Laptops are fragile and expensive machines and need to be protected from knocks and blows that could potentially damage or break them. The most common types of padding were plastic sheaths or plates and simple foam pads. It seems obvious that there should be protection on all sides, yet many of the padding systems we tested left large gaps in the protection. A critical area for padding is of course the bottom of the pouch which the laptop rests against. This was less of an issue for those contenders which featured an adequate suspension system (see Laptop Location below). A few bags chose not to suspend the computer above the bottom, and thus needed extra padding to absorb a blow from setting the backpack on the ground, but in general we felt this method of protection was inadequate compared to suspending it in the middle of the bag, especially as the backpacks tended not to include as much padding as we would have liked to see.
The size of the compartment that holds the computer is critical because if it is too large the computer will move around, exposing it to potential knocks and friction. We found that virtually every bag we tested is designed to fit a 15" laptop, which they did with varying amounts of success. None of them were specifically designed for an 11" machine, which caused smaller ones to move around considerably in almost every bag. The only exception was the The North Face Surge II Transit, which featured two separate, different sized compartments. In many cases, issues in compartment size were minimized when the bag was filled to capacity with other items, but we chose not to account for that in our assessment, since it isn't always the case during everyday use.
The securing system works hand-in-hand with the compartment design to hold the laptop in place ensuring that it doesn't move. Adjustable Velcro straps, like in the Arc'teryx Blade 24, seemed to work best. Others incorporated zippered pockets, which confined the range of motion inside the pack, but would not keep the computer stable in its position. A few bags had no securing system at all, meaning you'd better be very careful to set your bag down upright and gently, or pay the possible price.
The final critical feature is where the laptop storage compartment is located within the pack. All the models we tested place the laptop next to the back, thereby using the back support to double as support and padding. This also minimizes movement if the computer is the only thing in the bag. However, a critical feature of these specialty backpacks is having a designated compartment that is suspended above the bottom of the bag, so that when the bag is put on the ground there is no impact to the computer. Not all bags in our test group included this. Equally as important is whether the back support is rigid enough to absorb the blow of the bag being put on the ground. Some of the packs that featured suspended compartments were lacking this element, thus nullifying the advantages of the suspension design. In a few of the tested bags, the side edges or top corner, of the laptop were located much too close to the edges or zippers of the bags, where there was no padding, making the computer vulnerable to an impact from the side or top.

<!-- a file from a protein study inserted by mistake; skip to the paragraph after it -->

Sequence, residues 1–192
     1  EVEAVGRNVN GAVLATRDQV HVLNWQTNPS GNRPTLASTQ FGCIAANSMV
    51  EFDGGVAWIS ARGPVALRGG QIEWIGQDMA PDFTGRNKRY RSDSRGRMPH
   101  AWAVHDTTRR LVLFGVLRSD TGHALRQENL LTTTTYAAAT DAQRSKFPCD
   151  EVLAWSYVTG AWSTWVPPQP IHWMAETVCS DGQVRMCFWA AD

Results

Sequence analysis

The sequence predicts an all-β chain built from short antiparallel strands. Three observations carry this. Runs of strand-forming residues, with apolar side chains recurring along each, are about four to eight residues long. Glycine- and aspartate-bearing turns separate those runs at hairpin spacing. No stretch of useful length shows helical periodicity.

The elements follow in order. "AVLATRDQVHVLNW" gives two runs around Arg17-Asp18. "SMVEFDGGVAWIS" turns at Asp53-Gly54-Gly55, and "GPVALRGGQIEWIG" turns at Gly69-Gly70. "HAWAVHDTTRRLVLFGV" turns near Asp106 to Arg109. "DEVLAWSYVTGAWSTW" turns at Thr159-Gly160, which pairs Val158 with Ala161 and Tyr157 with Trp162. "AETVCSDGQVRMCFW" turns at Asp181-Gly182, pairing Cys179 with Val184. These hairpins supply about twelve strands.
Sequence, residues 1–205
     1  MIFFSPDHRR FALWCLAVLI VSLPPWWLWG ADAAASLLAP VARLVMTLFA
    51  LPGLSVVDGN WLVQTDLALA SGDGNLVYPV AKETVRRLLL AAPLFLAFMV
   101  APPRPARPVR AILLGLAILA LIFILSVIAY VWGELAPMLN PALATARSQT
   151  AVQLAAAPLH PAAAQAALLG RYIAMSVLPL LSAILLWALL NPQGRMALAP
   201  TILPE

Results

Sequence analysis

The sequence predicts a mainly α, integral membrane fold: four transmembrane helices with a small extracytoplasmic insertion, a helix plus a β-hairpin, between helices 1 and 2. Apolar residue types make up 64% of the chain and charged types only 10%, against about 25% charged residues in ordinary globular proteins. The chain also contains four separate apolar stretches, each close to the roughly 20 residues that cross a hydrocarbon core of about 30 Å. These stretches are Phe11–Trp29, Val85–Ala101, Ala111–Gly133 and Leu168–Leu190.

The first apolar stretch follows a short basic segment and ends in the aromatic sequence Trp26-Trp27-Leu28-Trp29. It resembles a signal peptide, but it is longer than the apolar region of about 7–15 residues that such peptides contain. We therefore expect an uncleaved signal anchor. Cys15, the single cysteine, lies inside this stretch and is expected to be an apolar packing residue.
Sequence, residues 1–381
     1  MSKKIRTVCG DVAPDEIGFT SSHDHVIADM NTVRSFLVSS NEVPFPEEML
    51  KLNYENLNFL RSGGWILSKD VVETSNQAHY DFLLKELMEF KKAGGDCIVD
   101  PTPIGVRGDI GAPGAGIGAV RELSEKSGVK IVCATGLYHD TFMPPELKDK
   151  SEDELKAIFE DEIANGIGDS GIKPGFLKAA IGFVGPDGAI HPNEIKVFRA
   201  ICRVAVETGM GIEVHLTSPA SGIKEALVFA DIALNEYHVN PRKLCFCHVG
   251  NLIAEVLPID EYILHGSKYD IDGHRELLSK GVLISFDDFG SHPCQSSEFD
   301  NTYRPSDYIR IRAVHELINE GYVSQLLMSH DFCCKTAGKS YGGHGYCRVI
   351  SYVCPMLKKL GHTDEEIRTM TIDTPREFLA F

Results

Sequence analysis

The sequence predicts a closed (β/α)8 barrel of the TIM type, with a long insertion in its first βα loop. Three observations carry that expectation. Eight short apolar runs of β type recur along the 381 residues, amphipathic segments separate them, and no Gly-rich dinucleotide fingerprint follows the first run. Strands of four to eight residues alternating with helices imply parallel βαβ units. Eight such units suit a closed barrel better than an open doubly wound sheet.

In the end, none of these products did an ideal job of protecting the laptop, which was disappointing. It seems that regardless of which bag you use, your best protection is diligent awareness of how you move with your it on and how you set it down. Although there were refinements we would like to see made, we believe that the Arc'teryx Blade 24 will do the best job of keeping your computer safe from abuse. On the other end of the spectrum, we determined that the Patagonia Arbor was the bag most likely to leave you with a broken or damaged computer, even though we liked the bag in general.
Perhaps the most critical component of any backpack is how comfortable it is to carry. After all, if you can't stand to put the bag on your back for more than a couple minutes, how effective will it be for carrying things all over town, or the world? To test comfort we wanted to make sure that we mimicked real life conditions, so we loaded these bags up with our around town necessities and carried them everywhere we went. That gave us a pretty good idea of which ones were most comfortable, but to be sure we then compared them head-to-head by adding a lot of weight to each one (computer, textbooks, binders, folders and notebooks, clothes, lunch and snacks, random odds and ends) and had numerous people put them on, adjust them for their body type, and walk around.
We found that the two most critical features in regards to comfort are the design of the shoulder straps and the design of the back plate. The amount of padding in the shoulder straps is not nearly as important as how far apart the straps are where they attach to the top. Further apart meant less friction and biting into the neck. Just as important was how wide the strap material was to disperse the weight of the load. The Dakine Campus 33 was hands down our favorite based on comfort alone, while the Arc'teryx Blade 24 had the least comfortable shoulder straps.